The backyard of the Ottomans2 min read . Updated: 03 Aug 2012, 08:52 PM IST
The backyard of the Ottomans
The backyard of the Ottomans
That old softie Alfred, Lord Tennyson, wrote a poem to Edward Lear about reading his book, Journals of a Landscape Painter in Albania, &c. “Tomohrit, Athos, all things fair," he wrote, “With such a pencil, such a pen/You shadow forth to distant men/I read and felt that I was there."
Lush geographic realism was not the strong point of Edward Lear’s immortal nonsense verse. But Lear began life not with the poetry which is now his most famous legacy, but as an artist and “ornithological draughtsman". He worked for wages as a young adult, and was once an illustrator for Britain’s Zoological Society.
In 1848, he undertook a journey few Englishmen had made before, to Albania, then the backyard of the Ottoman empire. His book, Journals of a Landscape Painter in Albania, &c. (later reprinted as Edward Lear in Albania: Journals of a Landscape Painter in the Balkans), came out in 1851.
So Lear, on a painting and walking tour, set out from Saloníki through Macedonia, to Albania, and elsewhere. He wrote, as Tennyson gushes, with a poetic eye for natural beauty, and the good humour of a foreigner resigned to looking perpetually foolish among the natives, which excuses the more Victorian of his attitudes to rural poverty and Johnny Foreigners. Excerpts from the book:
Edward Lear gets a taste of local art criticism
Edward Lear offers fashion advice
Edward Lear longs for authenticity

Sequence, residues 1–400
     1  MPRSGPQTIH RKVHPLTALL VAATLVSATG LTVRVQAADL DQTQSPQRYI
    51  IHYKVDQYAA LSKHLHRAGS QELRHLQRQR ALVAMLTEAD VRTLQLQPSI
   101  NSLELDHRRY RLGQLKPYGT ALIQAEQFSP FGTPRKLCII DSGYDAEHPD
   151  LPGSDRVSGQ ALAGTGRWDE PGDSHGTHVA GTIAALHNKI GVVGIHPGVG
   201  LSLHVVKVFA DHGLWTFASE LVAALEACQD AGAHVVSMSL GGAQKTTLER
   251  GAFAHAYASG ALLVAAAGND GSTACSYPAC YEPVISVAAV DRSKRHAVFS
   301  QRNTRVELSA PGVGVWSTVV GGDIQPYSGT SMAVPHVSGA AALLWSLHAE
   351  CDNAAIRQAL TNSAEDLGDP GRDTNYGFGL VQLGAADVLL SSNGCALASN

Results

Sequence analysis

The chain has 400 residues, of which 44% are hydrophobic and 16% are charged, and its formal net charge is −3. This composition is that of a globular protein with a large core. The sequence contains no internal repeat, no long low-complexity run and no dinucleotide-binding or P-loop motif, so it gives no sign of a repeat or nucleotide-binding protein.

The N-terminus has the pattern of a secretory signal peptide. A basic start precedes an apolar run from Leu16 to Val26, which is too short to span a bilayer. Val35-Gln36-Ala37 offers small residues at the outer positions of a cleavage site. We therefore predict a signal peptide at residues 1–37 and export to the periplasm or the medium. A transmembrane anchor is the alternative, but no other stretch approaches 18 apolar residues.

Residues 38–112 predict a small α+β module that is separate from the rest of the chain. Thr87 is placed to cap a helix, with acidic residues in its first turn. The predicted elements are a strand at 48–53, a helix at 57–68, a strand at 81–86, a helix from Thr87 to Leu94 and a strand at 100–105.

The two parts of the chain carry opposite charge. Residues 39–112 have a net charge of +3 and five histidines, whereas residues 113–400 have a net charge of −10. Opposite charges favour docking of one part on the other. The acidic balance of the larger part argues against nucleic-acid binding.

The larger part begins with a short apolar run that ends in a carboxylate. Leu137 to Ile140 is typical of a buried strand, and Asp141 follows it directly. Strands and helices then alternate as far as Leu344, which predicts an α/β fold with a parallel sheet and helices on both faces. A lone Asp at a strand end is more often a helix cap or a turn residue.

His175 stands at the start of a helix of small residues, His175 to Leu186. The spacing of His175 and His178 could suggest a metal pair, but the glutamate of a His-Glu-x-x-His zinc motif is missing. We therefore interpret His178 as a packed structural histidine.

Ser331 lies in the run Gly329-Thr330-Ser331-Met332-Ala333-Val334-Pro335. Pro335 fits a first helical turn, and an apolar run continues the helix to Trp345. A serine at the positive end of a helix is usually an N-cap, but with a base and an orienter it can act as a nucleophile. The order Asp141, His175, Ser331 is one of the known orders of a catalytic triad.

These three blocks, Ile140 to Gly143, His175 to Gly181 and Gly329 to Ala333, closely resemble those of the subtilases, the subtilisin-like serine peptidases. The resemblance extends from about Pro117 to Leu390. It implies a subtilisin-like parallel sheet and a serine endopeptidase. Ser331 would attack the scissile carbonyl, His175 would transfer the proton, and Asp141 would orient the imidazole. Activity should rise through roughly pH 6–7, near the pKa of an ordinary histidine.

We halted at mid-day in a cafe of Trikkala, the keeper of which was a man of Trieste, who talked of “quella Londra, e quel Parigi" with the air of a man of travel. But the sort of mongrel appearance of every person and thing in the town, are not pleasing to the eye of an artist who has been wandering much among real costume and eastern characteristic. Blue-tailed coats worn over white Albanian fustianelles, white fleecy capotes above trousers and boots, arc doubtless innocent absurdities, but they are ugly.
The plains grew wider and wider. We pass a few villages, each more widely apart from its neighbour than the preceding, and by degrees I feel that I am really in Thessaly, for width and breadth now constitute the soul and essence of all the landscape. To the north only the distant form of Olympus rears itself above a low range of hills; and to the south, the hills of Agrafa and Oeta are gradually becoming less distinct. Before me all is vast, outstretched plain, which never seems to end. Agriculture and liveliness are its predominant characteristics. It is full of incident; innumerable sheep, goats, horses, buffali, and cattle, corn or pasture-land, peasants’ huts, hundreds of perambulating storks, give a life and variety everywhere. And then so green, so intensely green, is this immense level! and the peasant women, in their gay, fringed and tasselled capotes—how far handsomer than any Greeks I have seen!
Journals of a Landscape Painter in Albania, &c. can be read at http://archive.org/details/journalsoflands00learuoft